South Wales Police supports the Welsh Government’s Domestic Abuse Campaign, designed to coincide with Valentine’s Day.
WG Domestic Violence Valentine Campaign
Local Government and Government Business Minister Lesley Griffiths today launched the Welsh Government’s latest Domestic Abuse Campaign, designed to coincide with Valentine’s Day.
With a twist on the theme of “Loves me, loves me not”, the poster advertisements and social media campaign will build on previous Welsh Government campaigns to raise awareness of the issue and highlight the signs and symptoms of abuse, linked to expectations of relationships around Valentine’s Day. It will also provide victims and concerned friends and family with information on how to obtain help and support.
The Minister officially launched the campaign at the Chartered Institute of Housing’s Safer Communities Conference in Cardiff which aimed to raise awareness of the role housing providers can play in preventing Anti Social Behaviour and Domestic Abuse and in supporting victims.
Launching the campaign, the Minister said
“Valentine’s Day is a special day for many couples but for someone in an abusive relationship, no gift and no amount of flowers or chocolates can make up for being emotionally, physically or sexually abused. Although this is a time when couples should be celebrating their relationships, it also serves as a reminder of what people should expect from a healthy relationship.
“Domestic abuse is a terrible crime which has a devastating impact on victims and families. The Welsh Government is determined to tackle all forms of violence against women and domestic abuse and this campaign is part of the ongoing work we are doing to tackle these issues.”
The Minister also spoke about the role housing providers can play in addressing the issue and how the Welsh Government is providing training to staff to recognise domestic abuse. She told delegates:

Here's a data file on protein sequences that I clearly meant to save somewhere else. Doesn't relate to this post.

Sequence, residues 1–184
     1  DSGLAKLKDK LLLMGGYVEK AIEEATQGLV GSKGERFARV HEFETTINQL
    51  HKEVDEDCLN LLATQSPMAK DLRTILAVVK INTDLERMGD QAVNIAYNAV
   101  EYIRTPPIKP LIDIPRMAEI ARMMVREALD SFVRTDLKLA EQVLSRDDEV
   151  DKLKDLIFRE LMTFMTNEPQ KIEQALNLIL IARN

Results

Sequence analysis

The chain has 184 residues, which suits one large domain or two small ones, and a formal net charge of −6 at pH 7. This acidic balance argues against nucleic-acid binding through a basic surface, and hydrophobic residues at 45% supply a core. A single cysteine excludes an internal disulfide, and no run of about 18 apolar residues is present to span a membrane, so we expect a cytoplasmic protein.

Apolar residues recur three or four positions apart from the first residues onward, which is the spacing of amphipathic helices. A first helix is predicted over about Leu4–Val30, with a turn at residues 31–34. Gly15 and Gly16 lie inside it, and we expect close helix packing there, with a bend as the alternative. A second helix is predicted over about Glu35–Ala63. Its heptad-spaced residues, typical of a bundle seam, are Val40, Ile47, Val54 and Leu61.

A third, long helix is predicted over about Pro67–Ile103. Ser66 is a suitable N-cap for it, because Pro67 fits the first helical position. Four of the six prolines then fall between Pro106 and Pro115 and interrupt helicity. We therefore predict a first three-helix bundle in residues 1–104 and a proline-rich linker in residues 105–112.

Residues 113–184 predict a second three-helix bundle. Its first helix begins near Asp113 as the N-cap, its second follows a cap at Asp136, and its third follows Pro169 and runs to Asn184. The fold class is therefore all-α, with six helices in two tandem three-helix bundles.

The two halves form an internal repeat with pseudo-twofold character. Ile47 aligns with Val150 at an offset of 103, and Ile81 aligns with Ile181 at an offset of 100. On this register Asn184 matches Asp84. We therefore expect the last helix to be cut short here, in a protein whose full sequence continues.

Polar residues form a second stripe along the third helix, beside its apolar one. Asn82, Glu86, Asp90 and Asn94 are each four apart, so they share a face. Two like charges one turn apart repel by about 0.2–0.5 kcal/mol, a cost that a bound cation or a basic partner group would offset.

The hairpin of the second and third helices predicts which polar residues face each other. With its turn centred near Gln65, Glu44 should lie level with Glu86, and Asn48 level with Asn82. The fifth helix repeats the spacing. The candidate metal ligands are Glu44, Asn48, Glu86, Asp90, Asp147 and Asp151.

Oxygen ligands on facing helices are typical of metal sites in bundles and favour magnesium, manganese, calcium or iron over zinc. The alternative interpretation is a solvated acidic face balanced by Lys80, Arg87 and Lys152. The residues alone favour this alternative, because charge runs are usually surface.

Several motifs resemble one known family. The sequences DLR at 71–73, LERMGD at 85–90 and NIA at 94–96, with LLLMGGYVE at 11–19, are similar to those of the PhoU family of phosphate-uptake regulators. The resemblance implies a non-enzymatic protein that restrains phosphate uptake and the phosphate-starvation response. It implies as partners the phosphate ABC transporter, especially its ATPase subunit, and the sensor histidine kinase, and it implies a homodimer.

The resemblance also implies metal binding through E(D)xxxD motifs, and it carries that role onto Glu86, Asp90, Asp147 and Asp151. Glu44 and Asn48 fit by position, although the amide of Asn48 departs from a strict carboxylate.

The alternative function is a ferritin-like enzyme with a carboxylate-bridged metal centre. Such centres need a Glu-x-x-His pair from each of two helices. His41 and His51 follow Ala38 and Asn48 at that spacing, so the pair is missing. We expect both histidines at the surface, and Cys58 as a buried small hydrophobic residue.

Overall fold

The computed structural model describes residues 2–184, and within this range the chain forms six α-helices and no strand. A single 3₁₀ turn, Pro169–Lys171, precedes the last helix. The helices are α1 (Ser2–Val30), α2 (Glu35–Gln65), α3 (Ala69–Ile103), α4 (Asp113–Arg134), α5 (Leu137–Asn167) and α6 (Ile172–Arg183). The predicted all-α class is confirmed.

“Housing organisations and their employees can have a significant role to play in making our communities safer and in addressing domestic abuse. Frontline staff come into close contact with people on a daily basis and are ideally placed to see what goes on behind closed doors. Our training will help them recognise the signs of domestic abuse and know how to raise concerns.”
Of this new approach to identifying domestic abuse in the home, Deputy Police & Crime Commissioner Sophie Howe says
“I believe this whole government approach is a ground breaking development in the fight against tackling domestic abuse and something which I am proud to have played a part in.
“In South Wales alone we deal with over 27,000 incidents and almost 6000 individual victims. Of these victims the vast majority have children and so it is no surprise that around 75% of children on the child protection register come from a home where domestic abuse is a feature.
“The police cannot tackle this alone. There is work to do across the public sector, with teachers, doctors, health visitors, housing officers and beyond to make sure that domestic abuse is everyone’s business and to understand that early intervention saves lives.”
Anyone affected by domestic abuse in Wales can call the All Wales Domestic Abuse and Sexual Violence Helpline on 0808 80 10 800 or visit www.livefearfree.org.uk for confidential, bilingual, 24-hour information and advice. In an emergency, always dial 999.